It is our job as thinkers and scientists to continue asking questions including "why". And "it has no cause" is not a statement of fact but always an unfalsifiable
Of-course its falsifiable - you would falsify it by finding a cause. I can postulate that the light in my room switches on without a cause, then someone can perform an experiment and show that in fact it does have a cause. If an event truly has no cause then it is a statement of fact to say so. What is impossible is to prove it that something has no cause.
But follow this though experiment: How would you show that an event has no cause? Well you could do it by showing the infinite amounts of it that have occurred at any given instant, under any given conditions, which is what one would logically expect from something that occurs without a cause, but not from one that occurs with one.
How do you show that it has no cause except by embarking on a never-ending quest to find one (which is why science would never actually accept it had found it.)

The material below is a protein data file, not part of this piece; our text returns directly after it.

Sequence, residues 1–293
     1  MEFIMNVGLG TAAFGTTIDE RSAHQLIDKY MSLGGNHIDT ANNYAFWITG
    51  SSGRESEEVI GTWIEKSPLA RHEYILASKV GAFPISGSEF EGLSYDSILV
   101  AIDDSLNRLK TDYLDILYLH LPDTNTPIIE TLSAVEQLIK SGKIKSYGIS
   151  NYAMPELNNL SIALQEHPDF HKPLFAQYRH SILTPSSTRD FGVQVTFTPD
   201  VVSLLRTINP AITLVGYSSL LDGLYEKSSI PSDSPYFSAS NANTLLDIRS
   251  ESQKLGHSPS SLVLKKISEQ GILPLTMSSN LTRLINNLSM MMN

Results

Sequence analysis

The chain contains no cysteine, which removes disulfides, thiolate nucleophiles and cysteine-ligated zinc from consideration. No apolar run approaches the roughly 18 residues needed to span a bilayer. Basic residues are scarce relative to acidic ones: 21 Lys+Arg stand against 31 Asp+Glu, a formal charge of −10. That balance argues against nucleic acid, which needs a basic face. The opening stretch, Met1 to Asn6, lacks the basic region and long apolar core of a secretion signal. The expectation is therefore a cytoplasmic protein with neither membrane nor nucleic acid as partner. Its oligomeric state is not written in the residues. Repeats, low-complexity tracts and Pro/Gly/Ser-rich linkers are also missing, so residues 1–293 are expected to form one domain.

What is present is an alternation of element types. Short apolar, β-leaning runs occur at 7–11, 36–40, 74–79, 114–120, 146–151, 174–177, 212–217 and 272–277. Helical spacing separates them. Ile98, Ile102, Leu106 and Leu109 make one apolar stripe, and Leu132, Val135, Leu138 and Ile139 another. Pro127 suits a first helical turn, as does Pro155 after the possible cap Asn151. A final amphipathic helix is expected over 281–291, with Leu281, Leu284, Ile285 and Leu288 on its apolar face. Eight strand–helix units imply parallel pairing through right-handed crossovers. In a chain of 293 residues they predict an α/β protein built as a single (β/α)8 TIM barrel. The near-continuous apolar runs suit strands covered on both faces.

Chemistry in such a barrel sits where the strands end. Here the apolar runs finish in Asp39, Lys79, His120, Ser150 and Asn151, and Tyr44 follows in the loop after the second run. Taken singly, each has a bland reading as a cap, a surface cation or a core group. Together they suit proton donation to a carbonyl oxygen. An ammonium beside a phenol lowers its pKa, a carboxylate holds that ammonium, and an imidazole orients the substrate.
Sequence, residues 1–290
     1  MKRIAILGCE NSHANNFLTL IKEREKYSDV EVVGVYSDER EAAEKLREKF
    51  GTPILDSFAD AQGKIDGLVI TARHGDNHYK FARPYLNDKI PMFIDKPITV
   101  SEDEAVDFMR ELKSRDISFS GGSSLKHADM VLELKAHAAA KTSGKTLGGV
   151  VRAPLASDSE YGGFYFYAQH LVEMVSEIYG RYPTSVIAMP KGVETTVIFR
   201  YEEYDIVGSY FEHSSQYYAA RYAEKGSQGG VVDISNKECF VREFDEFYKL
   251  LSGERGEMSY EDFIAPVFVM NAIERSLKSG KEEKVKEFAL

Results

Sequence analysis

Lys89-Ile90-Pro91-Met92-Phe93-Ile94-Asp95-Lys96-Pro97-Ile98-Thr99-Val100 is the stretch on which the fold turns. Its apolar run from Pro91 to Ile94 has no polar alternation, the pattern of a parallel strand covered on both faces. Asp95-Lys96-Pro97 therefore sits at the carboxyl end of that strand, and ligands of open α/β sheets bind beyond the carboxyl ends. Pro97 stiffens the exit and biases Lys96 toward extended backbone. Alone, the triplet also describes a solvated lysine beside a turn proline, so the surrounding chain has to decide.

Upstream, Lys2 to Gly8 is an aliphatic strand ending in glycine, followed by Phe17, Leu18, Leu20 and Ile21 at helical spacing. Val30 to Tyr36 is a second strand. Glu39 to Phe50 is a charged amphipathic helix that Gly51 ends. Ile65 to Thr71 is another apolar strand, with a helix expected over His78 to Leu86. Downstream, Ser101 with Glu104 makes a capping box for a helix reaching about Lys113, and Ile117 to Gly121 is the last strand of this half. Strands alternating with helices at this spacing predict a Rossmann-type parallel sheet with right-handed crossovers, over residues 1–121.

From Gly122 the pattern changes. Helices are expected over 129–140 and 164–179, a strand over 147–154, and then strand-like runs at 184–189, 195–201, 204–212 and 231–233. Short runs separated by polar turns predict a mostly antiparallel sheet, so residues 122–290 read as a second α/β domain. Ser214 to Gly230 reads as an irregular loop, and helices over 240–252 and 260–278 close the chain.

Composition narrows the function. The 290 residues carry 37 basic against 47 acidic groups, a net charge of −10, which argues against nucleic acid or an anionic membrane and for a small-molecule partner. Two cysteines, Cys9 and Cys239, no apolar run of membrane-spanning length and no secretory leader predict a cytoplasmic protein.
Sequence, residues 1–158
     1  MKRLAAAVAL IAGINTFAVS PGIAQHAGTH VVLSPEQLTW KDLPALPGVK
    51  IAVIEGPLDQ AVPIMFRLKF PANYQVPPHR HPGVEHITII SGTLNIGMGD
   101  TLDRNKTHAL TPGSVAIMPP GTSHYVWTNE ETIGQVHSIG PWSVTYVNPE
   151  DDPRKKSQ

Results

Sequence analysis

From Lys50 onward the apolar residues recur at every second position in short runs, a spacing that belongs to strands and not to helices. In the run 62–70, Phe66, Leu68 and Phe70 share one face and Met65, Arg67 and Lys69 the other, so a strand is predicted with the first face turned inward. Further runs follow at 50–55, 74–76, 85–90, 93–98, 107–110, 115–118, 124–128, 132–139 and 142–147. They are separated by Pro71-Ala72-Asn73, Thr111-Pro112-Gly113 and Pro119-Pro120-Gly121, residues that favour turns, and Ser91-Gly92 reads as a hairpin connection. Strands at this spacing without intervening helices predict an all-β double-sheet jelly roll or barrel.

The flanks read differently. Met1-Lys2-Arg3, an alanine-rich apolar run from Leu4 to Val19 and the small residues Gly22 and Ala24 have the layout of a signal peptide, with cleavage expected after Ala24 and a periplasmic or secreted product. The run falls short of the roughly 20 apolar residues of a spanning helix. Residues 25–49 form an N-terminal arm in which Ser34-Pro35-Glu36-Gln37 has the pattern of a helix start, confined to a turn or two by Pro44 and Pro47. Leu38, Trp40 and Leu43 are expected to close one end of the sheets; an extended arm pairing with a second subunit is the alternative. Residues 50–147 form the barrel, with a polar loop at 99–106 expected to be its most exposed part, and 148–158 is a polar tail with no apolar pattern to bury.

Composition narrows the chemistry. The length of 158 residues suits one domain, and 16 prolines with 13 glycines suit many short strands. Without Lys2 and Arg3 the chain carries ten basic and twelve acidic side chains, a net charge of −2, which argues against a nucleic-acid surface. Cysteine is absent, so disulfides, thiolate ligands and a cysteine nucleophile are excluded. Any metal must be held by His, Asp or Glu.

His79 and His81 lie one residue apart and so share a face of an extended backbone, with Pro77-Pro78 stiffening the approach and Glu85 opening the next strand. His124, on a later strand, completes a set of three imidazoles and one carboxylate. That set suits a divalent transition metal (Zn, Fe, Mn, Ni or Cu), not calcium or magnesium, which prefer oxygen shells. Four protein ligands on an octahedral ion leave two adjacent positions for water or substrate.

But this isn't the way science works in practice, there are a lot of theories floating around that have not been proven in a strict sense, but conform to so many experiments that they have been accepted until such a time as either a full proof or counter-evidence emerges. So while it might be that on some strict level the above though experiment of what a event without a cause might look like would not be accepted as proven to be a non-caused event - it would be practically accepted as its based on numerous repeatable experiments under a wide variety of conditions. Importantly applications would be built based on this knowledge, other theories abandoned etc.
... God did it is not a repeatable process, so it is not a conclusion that science can make.
But "god" as in the first uncaused event is by definition repeatable, infinitely so. For it not to be repeatable it needs to be caused.